Ask Woodiwiss: What should I know about painting after removing wallpaper?

Wallpaper removal is easier when done methodically, giving you a better surface for new paint.

Grandma’s floral prints were nice, and the baby’s room is now home to a teenager—so perhaps now is the perfect time to start stripping wallpaper off the walls and giving it a fresh coat of paint. Removing wallpaper is a job because you need to ensure you have perfectly smooth walls for the new paint job, all while maintaining the drywall underneath. Wallpaper paste residue can be a chore, too, but there are ways to make it easier. 

There are two phases. It will take a few days before painting after removing wallpaper:

More on wallpaper removal

Prepare the room or area to make it easier

Lincoln’s adage, “Give me six hours to chop down a tree, and I will spend the first four sharpening the ax,” goes well for home improvement projects. 

  • Take down all the curtains, curtain rods, and hardware.
  • Remove all the items from the wall, including old nails and screws.
  • Lay a drop cloth down underneath your work area. It’ll save your carpet or hardwood from glue residue.
  • Remove all the switch plates, electrical outlet covers, and grates.

The extra few minutes you spend taking these items out of the room will save you twice as much time removing wallpaper.

Test the wallpaper’s adherence to the wall

Depending on the age of your wallpaper, the climate you’re in, and how prior contractors originally installed the wallpaper, you might be able to just pull it off the wall. 

Start in a corner or seam, or find a spot already starting to peel. Areas near vents, grease spots, and corners are common starting points. 

Gently pull on it, readjusting your grip to see how easily it comes off. If it comes off in nice, big chunks without tearing the underlying drywall paper, keep going.

Make a wallpaper removal solution

If you can’t pull off the wallpaper naturally by hand, or some stubborn wallpaper sticks to the walls, get a pump sprayer. The kind you use for outdoor weed spray is fine—just make sure it’s unused. You do not want to expose your home’s interior to pest or weed control chemicals.

Fill the sprayer with hot water from your sink and the other half with boiling water from a kettle or stovetop.

Spray down the walls with your removal solution

Use the sprayer to saturate the wallpaper. Try to do it evenly without dripping, though some will be inevitable. The wallpaper should begin buckling, allowing you to pull on it again.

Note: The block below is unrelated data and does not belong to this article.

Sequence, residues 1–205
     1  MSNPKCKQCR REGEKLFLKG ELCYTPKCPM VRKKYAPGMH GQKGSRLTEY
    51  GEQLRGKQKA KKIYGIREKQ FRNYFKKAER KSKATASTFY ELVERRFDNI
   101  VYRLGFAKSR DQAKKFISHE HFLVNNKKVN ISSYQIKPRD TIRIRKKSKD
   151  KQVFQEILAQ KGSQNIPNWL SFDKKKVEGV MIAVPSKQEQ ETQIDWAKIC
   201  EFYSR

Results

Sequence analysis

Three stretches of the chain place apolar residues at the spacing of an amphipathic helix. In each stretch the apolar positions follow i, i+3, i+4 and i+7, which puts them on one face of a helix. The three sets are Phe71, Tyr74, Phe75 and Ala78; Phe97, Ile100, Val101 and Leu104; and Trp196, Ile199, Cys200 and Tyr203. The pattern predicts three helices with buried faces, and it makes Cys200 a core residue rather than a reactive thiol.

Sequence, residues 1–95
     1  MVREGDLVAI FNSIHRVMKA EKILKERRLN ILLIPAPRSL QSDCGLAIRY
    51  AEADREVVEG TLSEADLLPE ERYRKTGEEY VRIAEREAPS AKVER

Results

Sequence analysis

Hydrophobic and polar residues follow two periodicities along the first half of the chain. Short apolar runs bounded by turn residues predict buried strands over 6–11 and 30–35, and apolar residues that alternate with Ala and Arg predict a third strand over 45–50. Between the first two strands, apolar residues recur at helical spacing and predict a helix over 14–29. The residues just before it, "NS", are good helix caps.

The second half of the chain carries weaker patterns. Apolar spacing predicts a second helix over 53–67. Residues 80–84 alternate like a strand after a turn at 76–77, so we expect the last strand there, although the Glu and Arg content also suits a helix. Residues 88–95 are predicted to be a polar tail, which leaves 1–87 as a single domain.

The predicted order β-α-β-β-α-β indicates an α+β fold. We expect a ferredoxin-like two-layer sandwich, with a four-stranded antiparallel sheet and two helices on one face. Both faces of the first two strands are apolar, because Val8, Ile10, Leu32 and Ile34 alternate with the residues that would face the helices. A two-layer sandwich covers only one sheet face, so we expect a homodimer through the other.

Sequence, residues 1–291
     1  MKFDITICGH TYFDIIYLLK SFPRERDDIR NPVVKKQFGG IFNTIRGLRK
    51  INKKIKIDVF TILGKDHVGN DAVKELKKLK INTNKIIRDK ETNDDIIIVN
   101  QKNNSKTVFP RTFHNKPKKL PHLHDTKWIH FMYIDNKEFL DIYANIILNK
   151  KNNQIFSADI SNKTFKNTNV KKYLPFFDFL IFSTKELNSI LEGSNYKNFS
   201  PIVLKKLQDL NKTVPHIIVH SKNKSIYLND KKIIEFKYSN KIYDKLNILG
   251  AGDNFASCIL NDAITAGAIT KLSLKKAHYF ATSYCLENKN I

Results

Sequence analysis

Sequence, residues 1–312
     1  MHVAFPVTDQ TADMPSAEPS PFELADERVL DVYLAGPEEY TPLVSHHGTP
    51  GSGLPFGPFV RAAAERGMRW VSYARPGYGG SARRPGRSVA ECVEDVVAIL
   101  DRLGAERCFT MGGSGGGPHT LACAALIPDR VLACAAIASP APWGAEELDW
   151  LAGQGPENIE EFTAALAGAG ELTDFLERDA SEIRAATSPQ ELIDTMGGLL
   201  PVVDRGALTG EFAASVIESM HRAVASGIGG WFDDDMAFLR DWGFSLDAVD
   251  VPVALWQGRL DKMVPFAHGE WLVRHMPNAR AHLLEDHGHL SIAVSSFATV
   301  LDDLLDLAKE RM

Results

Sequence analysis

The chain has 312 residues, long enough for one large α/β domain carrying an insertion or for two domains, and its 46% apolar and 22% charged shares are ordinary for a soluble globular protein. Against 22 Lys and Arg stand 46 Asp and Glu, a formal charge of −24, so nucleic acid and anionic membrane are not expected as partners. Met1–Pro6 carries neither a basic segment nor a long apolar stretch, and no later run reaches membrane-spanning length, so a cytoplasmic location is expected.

If the hot water isn’t working, add an unscented fabric softener to the solution. A 1:1 ratio of softener to water will work to soften wallpaper adhesive. For stubborn spots, a carpet or upholstery steamer with a long hose attachment is also worth considering.

Remove wallpaper glue

Scrape the wall surface with a wide putty knife to remove excess chunks of paper and all the glue. Just be careful not to scrape into the underlying wall. 

  • Wear gloves to protect your hands from the warm water and remaining residue.
  • Always start at the seams or any bubbling section that’s already releasing naturally. 
  • You may have to refill your water sprayer solution several times with hot water. Use a tiny amount of tri-sodium phosphate (TSP) in your hot water mixture to wipe down the walls with a sponge. TSP is sold in most hardware stores under the same name.
  • Do one entire wall at a time, and only spray and wipe down as much as you can reasonably pull, wipe, and scrape at a time.

Wait until every inch of the walls is dry. After removing wallpaper and glue, your walls should be smooth, except for any holes left by prior damage or hardware.

More tips on how to start painting walls after removing wallpaper

Sand the walls to remove rough spots

Lightly sand the walls with a hand sander to ensure every inch is smooth. Run your hand over the walls to find any invisible wallpaper glue, gnashes in the drywall, or other debris.

Tape plastic over baseboards, trim, and crown moulding to protect them from dust and sanding. You can leave it up to help protect them from paint, too.

Patch holes and scrapes

Large areas of damage—either from things hanging on the walls, cracks, or wear and tear—must be patched. Drywall mud applied with a putty knife works best. For extremely large holes, use drywall repair sheets and paste them over them with drywall mud or joint compound.

Prime the walls

On a smooth, dry, surface apply a high-quality latex primer. Applying with a roller is best, but a paintbrush can also work.

Many people skip this step, but using the best primer will make the paint adhere to the walls after removing wallpaper. Primer is also cheaper than paint, so spend the money on the primer to save money on the paint. A good latex or oil-based primer is available at any hardware store and is something we don’t skimp on in our work.

Paint walls with a roller

Apply a skim coat of paint after the primer is dry, then a second coat of paint. The second coat of paint is another step people sometimes want to skip, but the results are astoundingly better with two. Your results will last twice as long and look twice as nice if you do.

Want to skip removing wallpaper and let the pros do it?

Stripping wallpaper is a big job. Have the pro painters at Woodiwiss give you a free estimate on removing your old wallpaper and painting your home’s interior. We’ll handle all the sanding and remaining glue for you, too. You’ll save tons of time and reclaim your weekend or vacation time.

Call (925) 595-3081, email, or message us online.